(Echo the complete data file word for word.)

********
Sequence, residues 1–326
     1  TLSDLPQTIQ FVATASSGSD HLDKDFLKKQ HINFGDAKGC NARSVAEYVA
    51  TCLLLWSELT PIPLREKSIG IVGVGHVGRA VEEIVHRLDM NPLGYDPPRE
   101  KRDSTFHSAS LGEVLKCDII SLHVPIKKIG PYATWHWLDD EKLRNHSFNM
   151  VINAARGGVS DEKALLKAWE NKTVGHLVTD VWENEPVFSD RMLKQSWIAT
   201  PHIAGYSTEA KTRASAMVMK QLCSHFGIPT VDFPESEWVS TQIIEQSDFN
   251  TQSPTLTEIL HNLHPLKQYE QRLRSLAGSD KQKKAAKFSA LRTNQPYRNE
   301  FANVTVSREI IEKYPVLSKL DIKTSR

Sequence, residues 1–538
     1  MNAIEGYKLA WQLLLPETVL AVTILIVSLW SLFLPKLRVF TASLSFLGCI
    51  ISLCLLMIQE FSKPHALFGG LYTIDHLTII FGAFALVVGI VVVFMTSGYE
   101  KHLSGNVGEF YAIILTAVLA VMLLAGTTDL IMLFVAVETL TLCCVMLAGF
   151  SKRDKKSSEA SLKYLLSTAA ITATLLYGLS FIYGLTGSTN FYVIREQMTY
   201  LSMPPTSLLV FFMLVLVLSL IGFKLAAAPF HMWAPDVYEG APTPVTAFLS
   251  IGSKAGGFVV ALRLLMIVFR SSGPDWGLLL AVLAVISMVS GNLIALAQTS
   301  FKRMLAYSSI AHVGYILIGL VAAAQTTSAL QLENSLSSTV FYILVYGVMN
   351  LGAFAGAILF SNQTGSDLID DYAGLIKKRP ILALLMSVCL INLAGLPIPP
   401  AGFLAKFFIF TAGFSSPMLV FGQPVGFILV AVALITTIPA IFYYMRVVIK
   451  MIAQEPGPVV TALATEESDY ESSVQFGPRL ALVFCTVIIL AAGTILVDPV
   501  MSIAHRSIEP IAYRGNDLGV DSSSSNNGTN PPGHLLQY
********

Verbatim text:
Sequence, residues 1–326
     1  TLSDLPQTIQ FVATASSGSD HLDKDFLKKQ HINFGDAKGC NARSVAEYVA
    51  TCLLLWSELT PIPLREKSIG IVGVGHVGRA VEEIVHRLDM NPLGYDPPRE
   101  KRDSTFHSAS LGEVLKCDII SLHVPIKKIG PYATWHWLDD EKLRNHSFNM
   151  VINAARGGVS DEKALLKAWE NKTVGHLVTD VWENEPVFSD RMLKQSWIAT
   201  PHIAGYSTEA KTRASAMVMK QLCSHFGIPT VDFPESEWVS TQIIEQSDFN
   251  TQSPTLTEIL HNLHPLKQYE QRLRSLAGSD KQKKAAKFSA LRTNQPYRNE
   301  FANVTVSREI IEKYPVLSKL DIKTSR

Sequence, residues 1–538
     1  MNAIEGYKLA WQLLLPETVL AVTILIVSLW SLFLPKLRVF TASLSFLGCI
    51  ISLCLLMIQE FSKPHALFGG LYTIDHLTII FGAFALVVGI VVVFMTSGYE
   101  KHLSGNVGEF YAIILTAVLA VMLLAGTTDL IMLFVAVETL TLCCVMLAGF
   151  SKRDKKSSEA SLKYLLSTAA ITATLLYGLS FIYGLTGSTN FYVIREQMTY
   201  LSMPPTSLLV FFMLVLVLSL IGFKLAAAPF HMWAPDVYEG APTPVTAFLS
   251  IGSKAGGFVV ALRLLMIVFR SSGPDWGLLL AVLAVISMVS GNLIALAQTS
   301  FKRMLAYSSI AHVGYILIGL VAAAQTTSAL QLENSLSSTV FYILVYGVMN
   351  LGAFAGAILF SNQTGSDLID DYAGLIKKRP ILALLMSVCL INLAGLPIPP
   401  AGFLAKFFIF TAGFSSPMLV FGQPVGFILV AVALITTIPA IFYYMRVVIK
   451  MIAQEPGPVV TALATEESDY ESSVQFGPRL ALVFCTVIIL AAGTILVDPV
   501  MSIAHRSIEP IAYRGNDLGV DSSSSNNGTN PPGHLLQY